Dear Heloise: My wife poached eggs for breakfast the other day. After scraping as much of the egg skin that was willing to leave the stainless- steel pan, I filled it with soapy water to soak overnight. The next morning, I scraped it out with the steel flipper and plastic scouring pad until it looked clean. I rinsed it and set it upside down in the dry rack. Once it was dry, I still saw and felt patches of scorched-on egg in the pan. Further scouring had little effect on this.
Millions celebrate February 14 by giving flowers, candy, and cards to express romantic love. And some buy presents for their spouses, too.
While struggling to find a suitable angle for this Valentine’s Day essay, I lucked upon some “Reader’s Digest” clickbait.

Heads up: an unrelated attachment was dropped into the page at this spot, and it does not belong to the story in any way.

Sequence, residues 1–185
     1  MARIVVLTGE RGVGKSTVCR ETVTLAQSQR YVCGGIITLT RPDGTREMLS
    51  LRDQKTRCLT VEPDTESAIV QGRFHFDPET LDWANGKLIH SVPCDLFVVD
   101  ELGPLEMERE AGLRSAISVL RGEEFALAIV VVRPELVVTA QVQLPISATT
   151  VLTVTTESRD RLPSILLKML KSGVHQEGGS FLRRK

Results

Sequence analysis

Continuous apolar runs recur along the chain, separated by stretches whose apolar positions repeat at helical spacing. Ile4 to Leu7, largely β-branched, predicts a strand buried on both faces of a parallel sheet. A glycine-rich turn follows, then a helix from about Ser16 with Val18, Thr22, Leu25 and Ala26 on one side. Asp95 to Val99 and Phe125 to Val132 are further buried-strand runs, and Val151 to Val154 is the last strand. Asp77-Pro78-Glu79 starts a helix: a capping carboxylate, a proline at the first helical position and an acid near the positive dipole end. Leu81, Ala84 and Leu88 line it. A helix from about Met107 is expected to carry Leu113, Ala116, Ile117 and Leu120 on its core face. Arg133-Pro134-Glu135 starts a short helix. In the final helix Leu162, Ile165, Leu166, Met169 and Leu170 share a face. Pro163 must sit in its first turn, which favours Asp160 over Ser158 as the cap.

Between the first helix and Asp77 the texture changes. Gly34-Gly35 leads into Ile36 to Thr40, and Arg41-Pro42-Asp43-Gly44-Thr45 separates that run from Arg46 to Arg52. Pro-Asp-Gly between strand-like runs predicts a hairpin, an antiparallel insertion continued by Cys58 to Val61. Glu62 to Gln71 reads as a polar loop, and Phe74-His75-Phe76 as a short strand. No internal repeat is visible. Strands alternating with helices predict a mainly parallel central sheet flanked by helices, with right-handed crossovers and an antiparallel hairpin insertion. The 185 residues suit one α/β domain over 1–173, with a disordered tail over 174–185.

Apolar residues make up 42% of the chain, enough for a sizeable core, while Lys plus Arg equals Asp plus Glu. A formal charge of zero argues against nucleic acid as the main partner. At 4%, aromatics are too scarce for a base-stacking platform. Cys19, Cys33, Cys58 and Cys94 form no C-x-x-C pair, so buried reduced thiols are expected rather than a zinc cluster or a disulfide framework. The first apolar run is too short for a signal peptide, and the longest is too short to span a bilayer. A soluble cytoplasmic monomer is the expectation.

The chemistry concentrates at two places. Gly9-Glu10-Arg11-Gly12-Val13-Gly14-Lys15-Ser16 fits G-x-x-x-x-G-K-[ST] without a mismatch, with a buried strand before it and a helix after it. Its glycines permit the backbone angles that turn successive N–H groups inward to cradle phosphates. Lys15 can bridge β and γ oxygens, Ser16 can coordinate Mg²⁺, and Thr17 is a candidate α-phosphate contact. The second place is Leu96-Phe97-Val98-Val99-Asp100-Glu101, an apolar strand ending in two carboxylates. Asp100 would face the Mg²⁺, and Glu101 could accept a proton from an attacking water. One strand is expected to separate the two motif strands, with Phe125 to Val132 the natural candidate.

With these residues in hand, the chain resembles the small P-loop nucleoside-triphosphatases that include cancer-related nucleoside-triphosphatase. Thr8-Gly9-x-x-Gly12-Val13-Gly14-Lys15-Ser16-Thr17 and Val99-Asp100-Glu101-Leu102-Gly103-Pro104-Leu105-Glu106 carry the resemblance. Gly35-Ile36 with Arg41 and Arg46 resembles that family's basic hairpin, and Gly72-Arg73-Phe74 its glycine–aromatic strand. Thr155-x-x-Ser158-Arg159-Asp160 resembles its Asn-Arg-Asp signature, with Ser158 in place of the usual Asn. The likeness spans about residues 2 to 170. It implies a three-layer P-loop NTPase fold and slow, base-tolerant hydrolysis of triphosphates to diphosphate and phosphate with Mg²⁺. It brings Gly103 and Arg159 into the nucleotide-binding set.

The Texas Education Agency’s annual report was released last week. It indicates per-student funding in the 2021-2022 school year averaged $14,928 per student, up 42% since 2011. However, state funding has only risen slightly in the past decade, while local funding has increased substantially.
Dear Heloise: I keep hearing that there is a global food shortage affecting over 238 million people around the world. What is causing this, and is there anything we can do to help people who are experiencing food shortages? -- Lorraine Y., Scranton, Pennsylvania Lorraine, there are about three main factors that contribue to food shortages: -- Conflict: This is the main reason for food insecurity. It disrupts food sources from reaching their intended market and cuts into income, which all lead to higher food prices. It is also considered a weapon of war when food is cut off. A starving population will, in time, surrender.